Bye-Bye Plastic: LAX Prohibits Single-Use Water Bottles
Los Angeles International Airport became the second major airport in the U.S. to ban the sale of single-use plastic water bottles after San Francisco imposed a similar ban in 2019
Travelers can no longer purchase plastic water bottles at Los Angeles International Airport (LAX), as the airport bans the sale of single-use plastics in a sustainability drive.
With TSA regulations still requiring air travelers to empty containers of water bigger than 3.4 ounces (100ml) at security, plastic bottles have become a staple of airport terminals, sold in their millions at kiosks and discarded at arrivals gates.
But with airports trying to curb their environmental impact, many have been encouraging travelers to bring refillable bottles instead and offering airside drinking fountains and refill stations to help them stay hydrated.
LAX is going even further. In 2021, Los Angeles World Airports (LAWA)—which operates both LAX and the smaller Van Nuys Airport (VNY)— committed to phase out the sale of single-use plastic water bottles in the airports over two years. The timeline gave vendors time to sell out their inventory of bottled water and adjust their purchasing contracts.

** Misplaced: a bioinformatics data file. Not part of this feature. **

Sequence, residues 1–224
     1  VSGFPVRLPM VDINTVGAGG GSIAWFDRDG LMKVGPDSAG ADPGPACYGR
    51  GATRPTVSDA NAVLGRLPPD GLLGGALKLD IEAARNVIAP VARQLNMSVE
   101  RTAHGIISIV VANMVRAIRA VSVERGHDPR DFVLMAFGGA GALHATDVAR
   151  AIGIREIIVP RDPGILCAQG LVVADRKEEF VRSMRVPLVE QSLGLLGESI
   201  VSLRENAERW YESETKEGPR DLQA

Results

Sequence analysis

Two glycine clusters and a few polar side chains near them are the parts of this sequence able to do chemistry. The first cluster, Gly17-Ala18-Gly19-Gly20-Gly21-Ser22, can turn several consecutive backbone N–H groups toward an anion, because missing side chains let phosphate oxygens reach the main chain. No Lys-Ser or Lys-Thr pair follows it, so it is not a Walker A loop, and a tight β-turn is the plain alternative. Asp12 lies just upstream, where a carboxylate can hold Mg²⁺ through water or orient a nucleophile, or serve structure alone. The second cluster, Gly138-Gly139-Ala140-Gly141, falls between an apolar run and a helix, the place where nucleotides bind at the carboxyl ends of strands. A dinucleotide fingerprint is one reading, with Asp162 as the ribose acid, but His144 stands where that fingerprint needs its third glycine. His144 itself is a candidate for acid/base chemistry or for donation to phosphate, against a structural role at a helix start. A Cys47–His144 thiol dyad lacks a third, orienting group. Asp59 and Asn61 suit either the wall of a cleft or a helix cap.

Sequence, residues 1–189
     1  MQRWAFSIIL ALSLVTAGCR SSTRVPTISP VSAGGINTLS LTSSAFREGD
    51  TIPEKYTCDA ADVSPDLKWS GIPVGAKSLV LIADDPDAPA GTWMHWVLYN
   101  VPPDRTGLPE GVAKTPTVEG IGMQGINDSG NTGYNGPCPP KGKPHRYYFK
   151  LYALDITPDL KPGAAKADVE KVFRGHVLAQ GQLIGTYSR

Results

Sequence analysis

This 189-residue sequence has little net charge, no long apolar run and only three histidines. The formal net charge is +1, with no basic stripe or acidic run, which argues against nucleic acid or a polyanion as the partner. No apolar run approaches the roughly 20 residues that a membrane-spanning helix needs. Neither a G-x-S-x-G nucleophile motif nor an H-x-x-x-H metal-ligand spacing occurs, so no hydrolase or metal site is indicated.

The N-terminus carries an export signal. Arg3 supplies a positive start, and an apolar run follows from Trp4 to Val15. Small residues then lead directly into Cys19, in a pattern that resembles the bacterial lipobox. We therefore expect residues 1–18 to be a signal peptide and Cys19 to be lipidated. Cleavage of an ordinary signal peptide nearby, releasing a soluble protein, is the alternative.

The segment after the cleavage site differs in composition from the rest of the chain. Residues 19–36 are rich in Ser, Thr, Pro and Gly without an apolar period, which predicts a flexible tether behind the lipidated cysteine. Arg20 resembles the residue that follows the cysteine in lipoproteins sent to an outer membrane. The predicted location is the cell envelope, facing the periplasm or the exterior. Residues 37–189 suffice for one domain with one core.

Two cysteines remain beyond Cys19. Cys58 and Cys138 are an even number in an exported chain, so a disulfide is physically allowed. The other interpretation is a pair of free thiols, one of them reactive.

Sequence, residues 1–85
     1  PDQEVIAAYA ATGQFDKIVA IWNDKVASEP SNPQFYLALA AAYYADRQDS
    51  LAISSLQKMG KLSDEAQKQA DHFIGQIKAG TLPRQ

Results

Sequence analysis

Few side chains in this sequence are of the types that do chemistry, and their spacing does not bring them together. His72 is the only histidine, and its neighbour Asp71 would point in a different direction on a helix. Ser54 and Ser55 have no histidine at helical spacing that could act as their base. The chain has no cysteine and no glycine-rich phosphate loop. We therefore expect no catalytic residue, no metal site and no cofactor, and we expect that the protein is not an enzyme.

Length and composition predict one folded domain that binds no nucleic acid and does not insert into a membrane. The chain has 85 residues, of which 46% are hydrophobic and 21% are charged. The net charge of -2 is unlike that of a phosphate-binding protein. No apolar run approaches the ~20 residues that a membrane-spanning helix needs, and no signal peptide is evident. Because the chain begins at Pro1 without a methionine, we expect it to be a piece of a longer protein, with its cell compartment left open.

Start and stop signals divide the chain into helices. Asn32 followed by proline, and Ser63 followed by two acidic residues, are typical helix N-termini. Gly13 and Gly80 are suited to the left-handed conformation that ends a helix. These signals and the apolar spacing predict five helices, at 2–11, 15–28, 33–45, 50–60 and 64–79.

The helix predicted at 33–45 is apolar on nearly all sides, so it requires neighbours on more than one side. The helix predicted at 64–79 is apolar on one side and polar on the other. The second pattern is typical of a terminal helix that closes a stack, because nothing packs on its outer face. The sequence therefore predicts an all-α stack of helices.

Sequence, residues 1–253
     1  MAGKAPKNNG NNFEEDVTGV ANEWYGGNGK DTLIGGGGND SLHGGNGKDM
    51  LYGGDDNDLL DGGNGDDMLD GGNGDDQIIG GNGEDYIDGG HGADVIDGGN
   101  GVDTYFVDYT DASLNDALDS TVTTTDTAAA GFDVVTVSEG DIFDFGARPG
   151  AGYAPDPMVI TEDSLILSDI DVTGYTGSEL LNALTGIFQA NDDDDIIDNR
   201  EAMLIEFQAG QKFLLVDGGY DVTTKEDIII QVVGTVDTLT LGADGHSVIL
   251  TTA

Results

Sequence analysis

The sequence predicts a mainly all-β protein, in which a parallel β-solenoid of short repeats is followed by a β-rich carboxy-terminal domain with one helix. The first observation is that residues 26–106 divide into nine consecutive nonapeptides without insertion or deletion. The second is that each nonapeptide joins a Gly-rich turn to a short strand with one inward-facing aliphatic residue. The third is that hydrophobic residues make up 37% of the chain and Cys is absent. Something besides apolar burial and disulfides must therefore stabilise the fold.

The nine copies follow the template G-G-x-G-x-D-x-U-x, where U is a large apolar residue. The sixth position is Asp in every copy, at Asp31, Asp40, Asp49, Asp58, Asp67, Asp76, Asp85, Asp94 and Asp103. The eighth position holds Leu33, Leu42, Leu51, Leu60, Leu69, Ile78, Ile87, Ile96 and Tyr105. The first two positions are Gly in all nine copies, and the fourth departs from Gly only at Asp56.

It also gave LAWA time to work with the Los Angeles Department of Water and Power to install hydration stations in both airports.
While vendors can still sell water in recyclable aluminum or glass bottles, LAWA chief executive Justin Erbacci urged travelers to add reusable bottles to their packing lists and fill them in at the terminal.
“We encourage our guests to help us reach our goal of eliminating plastic waste at the airport by bringing a reusable water bottle and filling it up at one of our many hydration stations,” he said.
Before the ban, nine million plastic water bottles were sold at LAX in 2019, the equivalent of 24,000 bottles daily. Eliminating plastic water bottles is a crucial part of LAWA’s Sustainability Action Plan (SAP), which aims to make LAX and VNY airports zero waste and carbon neutral by 2045.
The plastic water bottle ban applies to vendors in the airport, vending machines, and events but not to airlines, who may still hand out plastic water bottles as part of their flight services. Beverages other than water, including sodas and juices, can still be sold in plastic bottles.
The prohibition makes LAX the second airport in the world to prohibit the use of plastic water bottles, following San Francisco International Airport (SFO) in 2019. In 2021, SFO extended the plastic ban to all types of beverages.
Los Angeles Mayor Karen Bass said the ban will help the wider city deliver its Green New Deal and reach its goal of net zero emissions by 2050.
“The climate crisis is a great challenge facing our city, and phasing out single-use plastic water bottles at LAWA facilities is an important step to reducing our environmental footprint and protecting the health and livelihood of all Angelenos,” she said.
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